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The effect of body mass index on smoking behaviour and nicotine metabolism: a Mendelian randomization study

Research output: Contribution to journalArticle

Original languageEnglish
Article numberddy434
Pages (from-to)1322-1330
Number of pages9
JournalHuman Molecular Genetics
Issue number8
Early online date18 Dec 2018
DateAccepted/In press - 30 Nov 2018
DateE-pub ahead of print - 18 Dec 2018
DatePublished (current) - 15 Apr 2019


Given clear evidence that smoking lowers weight, it is possible that individuals with higher body mass index (BMI) smoke in order to lose or maintain their weight.

We performed Mendelian randomization (MR) analyses of the effects of BMI on smoking behaviour in UK Biobank and the Tobacco and Genetics consortium GWAS, on cotinine levels and nicotine metabolite ratio in published GWAS, and on DNA methylation in the Avon Longitudinal Study of Parents and Children.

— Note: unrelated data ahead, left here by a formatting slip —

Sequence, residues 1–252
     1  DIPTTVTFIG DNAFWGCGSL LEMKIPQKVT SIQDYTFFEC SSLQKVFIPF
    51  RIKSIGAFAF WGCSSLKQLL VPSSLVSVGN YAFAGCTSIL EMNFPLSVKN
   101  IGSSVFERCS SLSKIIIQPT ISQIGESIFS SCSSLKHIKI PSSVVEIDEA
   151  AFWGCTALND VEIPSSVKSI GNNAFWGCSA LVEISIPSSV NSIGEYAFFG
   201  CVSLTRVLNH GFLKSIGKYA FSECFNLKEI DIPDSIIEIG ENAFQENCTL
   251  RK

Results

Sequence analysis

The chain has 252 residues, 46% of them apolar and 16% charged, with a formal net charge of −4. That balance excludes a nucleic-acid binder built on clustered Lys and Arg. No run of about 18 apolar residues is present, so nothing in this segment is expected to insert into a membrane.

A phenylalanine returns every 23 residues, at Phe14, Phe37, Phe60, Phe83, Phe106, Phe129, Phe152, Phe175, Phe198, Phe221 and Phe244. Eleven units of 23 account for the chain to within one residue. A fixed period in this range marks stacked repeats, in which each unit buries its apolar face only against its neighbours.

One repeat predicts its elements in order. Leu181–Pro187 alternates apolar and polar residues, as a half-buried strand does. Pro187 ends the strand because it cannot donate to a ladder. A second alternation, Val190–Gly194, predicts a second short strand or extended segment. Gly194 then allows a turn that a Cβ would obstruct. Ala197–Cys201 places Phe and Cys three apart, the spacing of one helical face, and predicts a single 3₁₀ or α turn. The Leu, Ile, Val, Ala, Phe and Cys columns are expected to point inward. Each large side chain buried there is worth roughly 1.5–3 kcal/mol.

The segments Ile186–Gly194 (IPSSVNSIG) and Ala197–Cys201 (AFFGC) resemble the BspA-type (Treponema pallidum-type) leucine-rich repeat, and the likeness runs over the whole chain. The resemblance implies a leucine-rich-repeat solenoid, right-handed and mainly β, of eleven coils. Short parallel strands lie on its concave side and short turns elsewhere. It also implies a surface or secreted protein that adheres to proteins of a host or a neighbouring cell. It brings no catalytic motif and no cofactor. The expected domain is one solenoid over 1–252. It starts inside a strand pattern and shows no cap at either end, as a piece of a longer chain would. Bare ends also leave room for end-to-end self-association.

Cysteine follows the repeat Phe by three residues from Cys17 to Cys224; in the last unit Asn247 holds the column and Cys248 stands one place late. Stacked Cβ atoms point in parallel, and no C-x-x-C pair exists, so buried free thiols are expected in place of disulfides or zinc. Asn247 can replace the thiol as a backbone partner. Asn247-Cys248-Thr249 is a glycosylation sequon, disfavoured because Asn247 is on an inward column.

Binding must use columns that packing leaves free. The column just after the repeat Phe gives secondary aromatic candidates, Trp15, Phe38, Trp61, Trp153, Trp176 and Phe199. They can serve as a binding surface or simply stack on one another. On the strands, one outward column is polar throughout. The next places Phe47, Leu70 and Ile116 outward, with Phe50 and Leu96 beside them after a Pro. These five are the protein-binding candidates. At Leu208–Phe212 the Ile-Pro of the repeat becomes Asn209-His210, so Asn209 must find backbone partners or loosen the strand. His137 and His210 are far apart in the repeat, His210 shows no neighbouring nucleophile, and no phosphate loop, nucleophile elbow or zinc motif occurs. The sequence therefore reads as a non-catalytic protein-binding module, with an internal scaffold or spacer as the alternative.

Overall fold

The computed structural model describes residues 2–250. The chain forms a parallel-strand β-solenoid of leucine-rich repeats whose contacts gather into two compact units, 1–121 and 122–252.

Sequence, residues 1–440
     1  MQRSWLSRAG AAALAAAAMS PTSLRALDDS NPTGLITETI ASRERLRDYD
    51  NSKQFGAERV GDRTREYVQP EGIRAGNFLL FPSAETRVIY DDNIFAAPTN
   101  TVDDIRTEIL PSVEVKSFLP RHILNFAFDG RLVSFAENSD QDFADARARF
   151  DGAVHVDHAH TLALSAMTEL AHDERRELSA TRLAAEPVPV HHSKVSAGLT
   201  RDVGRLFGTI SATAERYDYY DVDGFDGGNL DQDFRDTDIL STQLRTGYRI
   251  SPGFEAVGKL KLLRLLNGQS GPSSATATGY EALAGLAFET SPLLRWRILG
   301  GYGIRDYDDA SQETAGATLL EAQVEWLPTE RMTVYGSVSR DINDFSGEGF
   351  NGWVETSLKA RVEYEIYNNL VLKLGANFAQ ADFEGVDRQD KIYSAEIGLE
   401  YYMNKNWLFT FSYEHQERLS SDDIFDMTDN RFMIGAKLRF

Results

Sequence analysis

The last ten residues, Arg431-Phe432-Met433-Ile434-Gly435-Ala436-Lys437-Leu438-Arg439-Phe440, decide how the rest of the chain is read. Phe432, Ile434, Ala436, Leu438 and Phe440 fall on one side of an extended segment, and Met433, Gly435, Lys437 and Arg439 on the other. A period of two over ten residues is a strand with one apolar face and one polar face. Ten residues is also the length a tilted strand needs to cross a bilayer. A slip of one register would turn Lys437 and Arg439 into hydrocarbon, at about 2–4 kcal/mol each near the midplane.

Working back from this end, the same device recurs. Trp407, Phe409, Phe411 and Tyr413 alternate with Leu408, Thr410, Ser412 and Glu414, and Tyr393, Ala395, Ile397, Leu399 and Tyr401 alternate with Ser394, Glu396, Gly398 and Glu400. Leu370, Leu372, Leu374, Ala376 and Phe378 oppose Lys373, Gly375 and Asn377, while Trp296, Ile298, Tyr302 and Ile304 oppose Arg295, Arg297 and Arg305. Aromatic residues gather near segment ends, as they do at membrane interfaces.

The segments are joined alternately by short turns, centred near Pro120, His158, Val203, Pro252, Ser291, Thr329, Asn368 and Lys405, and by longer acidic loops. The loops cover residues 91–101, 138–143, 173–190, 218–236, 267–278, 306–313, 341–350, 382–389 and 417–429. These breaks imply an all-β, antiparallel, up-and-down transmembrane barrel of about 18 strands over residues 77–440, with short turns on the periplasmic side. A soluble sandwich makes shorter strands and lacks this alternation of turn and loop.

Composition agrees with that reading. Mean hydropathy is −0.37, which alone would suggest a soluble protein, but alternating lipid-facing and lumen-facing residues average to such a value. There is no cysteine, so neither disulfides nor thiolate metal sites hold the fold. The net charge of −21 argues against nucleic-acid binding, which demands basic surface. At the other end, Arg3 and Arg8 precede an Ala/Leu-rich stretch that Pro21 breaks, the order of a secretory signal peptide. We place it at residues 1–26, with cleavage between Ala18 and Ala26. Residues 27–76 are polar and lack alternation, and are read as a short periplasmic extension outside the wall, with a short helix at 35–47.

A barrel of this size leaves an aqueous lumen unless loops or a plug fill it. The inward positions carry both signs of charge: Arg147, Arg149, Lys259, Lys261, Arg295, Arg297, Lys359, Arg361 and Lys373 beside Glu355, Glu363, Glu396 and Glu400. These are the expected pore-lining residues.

Our results indicate that higher BMI causally influences lifetime smoking, smoking initiation , smoking heaviness and also DNA methylation at the aryl-hydrocarbon receptor repressor (AHRR) locus, but not smoking cessation. While there is no strong evidence that BMI causally influences cotinine levels, suggestive evidence for a negative causal influence on nicotine metabolite ratio may explain this.

There is a causal effect of BMI on smoking, but the relationship is likely to be complex due to opposing effects on behaviour and metabolism.

    Research areas

  • Nicotine, Smoking, body mass index procedure, metabolism, Genome-Wide Association Study, Mendelian randomisation analysis

    Structured keywords

  • Brain and Behaviour
  • Tobacco and Alcohol
  • Physical and Mental Health

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